With the Easter Holidays upon us, prices for flights and holidays have shot up. This is a pain that any parent of a school-age child will be all too familiar with: the cost of taking the family away during the school holidays. It is this cost that lead Jon Platt to take his daughter out of school for an unauthorised seven-day break in April 2015.
In 2015 7.5% of absences were due to holidays in term-time. Prior to 2013 the regulations governing school absences referred to parents applying for family holidays in ‘special circumstances’ and schools having a discretion to grant up to 10 days’ holiday per year. This changed with the introduction of The Education (Penalty Notices) (England) (Amendment) Regulations 2013 No. 757. Now leave of absence during term time shall not be granted unless there are ‘exceptional circumstances’. This has led to more unauthorised absences and an increase in parents being fined by way of penalty notices.
Mr Platt was issued with such a penalty notice, he refused to pay and was subsequently prosecuted. Section 444(1) of the Education Act 1996 states:
If a child of compulsory school age who is a registered pupil at a school fails to attend regularly at the school, his parent is guilty of an offence.
Section 444(1A) goes on to state:
If in the circumstances mentioned in subsection (1) the parent knows that his child is failing to attend regularly at the school and fails to cause him to do so, he is guilty of an offence.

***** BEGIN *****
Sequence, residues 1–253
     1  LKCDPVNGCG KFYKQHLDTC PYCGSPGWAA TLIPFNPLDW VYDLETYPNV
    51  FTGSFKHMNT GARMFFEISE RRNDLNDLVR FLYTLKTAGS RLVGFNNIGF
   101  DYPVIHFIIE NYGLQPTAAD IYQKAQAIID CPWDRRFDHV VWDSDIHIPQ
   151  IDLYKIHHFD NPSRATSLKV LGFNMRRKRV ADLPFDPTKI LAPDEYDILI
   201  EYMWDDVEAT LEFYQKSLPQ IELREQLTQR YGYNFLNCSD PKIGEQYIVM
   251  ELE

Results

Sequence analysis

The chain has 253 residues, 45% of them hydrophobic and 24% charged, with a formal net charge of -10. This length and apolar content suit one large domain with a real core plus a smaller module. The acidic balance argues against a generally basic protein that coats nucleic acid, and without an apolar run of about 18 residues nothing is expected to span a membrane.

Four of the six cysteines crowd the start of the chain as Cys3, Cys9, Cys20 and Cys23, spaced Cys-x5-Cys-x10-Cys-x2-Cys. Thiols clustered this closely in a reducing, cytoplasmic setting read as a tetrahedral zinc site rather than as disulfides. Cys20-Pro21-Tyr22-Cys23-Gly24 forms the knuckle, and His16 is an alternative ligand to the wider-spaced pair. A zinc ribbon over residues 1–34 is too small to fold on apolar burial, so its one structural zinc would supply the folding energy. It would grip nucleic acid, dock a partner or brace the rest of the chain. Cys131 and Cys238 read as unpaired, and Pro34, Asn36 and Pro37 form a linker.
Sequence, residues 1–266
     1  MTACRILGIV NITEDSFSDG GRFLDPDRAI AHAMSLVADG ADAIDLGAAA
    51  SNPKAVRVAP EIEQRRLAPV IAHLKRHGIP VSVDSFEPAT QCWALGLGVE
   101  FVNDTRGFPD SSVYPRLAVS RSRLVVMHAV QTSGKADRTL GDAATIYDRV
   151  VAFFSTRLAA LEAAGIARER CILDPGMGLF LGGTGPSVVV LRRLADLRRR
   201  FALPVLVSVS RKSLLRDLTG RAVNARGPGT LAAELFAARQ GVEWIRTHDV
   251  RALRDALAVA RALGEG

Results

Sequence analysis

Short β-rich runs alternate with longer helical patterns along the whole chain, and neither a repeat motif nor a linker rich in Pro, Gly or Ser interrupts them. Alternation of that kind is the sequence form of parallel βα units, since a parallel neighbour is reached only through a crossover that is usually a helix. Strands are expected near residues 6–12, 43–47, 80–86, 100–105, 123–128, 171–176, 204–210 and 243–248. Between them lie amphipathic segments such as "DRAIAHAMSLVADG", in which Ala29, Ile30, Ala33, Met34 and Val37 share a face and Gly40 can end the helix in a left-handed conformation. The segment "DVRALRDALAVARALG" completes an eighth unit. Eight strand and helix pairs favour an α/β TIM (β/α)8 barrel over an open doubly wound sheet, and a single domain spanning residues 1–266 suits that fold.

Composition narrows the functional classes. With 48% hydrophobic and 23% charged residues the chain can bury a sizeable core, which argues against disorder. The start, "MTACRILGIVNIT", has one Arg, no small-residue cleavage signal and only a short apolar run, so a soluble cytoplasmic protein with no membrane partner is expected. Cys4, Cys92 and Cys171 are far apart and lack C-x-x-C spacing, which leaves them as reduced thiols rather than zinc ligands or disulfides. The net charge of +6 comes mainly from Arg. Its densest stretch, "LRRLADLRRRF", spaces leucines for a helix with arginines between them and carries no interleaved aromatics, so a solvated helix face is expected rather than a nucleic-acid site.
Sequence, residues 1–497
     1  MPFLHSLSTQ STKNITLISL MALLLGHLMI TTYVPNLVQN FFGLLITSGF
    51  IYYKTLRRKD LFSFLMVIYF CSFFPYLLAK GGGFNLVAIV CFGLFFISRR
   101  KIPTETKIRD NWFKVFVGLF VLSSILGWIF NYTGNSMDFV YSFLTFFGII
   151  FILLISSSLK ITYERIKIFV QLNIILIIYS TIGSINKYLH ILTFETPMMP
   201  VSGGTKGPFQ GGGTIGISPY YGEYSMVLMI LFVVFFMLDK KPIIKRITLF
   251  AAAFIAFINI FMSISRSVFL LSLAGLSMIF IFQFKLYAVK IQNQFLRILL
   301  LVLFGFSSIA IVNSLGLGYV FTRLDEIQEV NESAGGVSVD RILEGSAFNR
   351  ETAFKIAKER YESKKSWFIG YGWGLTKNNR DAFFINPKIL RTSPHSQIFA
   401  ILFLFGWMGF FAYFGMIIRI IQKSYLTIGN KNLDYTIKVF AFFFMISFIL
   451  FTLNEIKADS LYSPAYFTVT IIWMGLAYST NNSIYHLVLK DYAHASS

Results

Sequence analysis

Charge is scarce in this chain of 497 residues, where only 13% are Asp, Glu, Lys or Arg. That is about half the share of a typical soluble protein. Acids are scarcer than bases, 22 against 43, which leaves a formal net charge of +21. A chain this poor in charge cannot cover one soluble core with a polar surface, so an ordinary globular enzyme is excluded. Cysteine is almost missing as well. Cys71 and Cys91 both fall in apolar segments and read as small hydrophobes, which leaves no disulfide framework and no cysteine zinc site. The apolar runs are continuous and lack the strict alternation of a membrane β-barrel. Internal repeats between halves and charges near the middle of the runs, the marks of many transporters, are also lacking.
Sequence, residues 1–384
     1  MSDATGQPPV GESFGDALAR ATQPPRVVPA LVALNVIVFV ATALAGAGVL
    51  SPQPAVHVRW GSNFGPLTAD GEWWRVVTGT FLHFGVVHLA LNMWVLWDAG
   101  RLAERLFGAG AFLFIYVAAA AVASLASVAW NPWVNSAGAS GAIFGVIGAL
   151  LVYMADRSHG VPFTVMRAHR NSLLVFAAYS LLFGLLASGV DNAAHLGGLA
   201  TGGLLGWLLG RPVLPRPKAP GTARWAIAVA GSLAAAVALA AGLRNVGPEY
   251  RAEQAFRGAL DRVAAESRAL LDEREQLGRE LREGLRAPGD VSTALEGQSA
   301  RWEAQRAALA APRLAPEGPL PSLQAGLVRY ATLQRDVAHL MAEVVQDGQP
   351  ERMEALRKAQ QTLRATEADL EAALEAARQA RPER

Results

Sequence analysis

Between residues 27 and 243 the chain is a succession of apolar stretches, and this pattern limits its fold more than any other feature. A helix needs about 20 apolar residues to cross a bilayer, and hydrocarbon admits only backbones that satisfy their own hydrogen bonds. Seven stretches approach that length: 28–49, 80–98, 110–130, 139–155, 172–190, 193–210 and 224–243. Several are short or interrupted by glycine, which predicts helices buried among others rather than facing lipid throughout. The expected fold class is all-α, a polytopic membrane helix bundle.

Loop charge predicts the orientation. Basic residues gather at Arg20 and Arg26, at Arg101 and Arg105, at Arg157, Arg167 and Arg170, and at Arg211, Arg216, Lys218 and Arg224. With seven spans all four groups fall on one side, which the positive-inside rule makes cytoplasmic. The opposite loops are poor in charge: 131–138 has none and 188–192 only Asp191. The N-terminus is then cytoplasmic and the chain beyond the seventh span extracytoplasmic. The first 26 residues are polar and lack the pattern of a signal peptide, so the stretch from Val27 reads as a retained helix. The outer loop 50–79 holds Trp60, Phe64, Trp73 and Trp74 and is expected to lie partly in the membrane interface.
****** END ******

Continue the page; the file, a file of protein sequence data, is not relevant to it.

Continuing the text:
Section 444(1) is an offence of strict liability and punishable by a fine. Section 444(1A) is far more serious, although not strict liability, and the maximum penalty is 3-months imprisonment.
Mr Platt was prosecuted under the less serious section 444(1), prosecutions under (1A) usually being reserved for cases of persistent truancy. His case turned on the definition of “regularly”. His argument was that as his daughter had 90.3 percent attendance, and as the local authority’s policy on satisfactory attendance was between 90 – 95 percent, she had not failed to attend school regularly. The magistrates agreed and found there was no case to answer.
The local authority appealed by way of case stated and in June 2016 the Divisional Court of the Queen’s Bench Division held that “[a] child’s attendance outside the specified period is relevant to the question whether the offence has been committed.” The local authority appealed to the Supreme Court and judgment being handed down on 6 April 2017.
In her judgment, Lady Hale DP declared that for the purposes of section 444 “regularly” means “in accordance with the rules prescribed by the school”. Therefore, any unauthorised absence is a criminal offence.
This ruling has been welcomed by some and met with consternation by others. As overall absence rates have remained broadly stable over the last 5 years, it seems the “sensible prosecution policy” advocated by Lady Hale is not enough to deter a persistent group of parents from taking their children on term-time holidays. After all, a £60 fine is small change compared to the increases in fares during the school breaks. It appears some parents will continue to say, for the sake of a family holiday, we don’t need no education (for a week or so at least).
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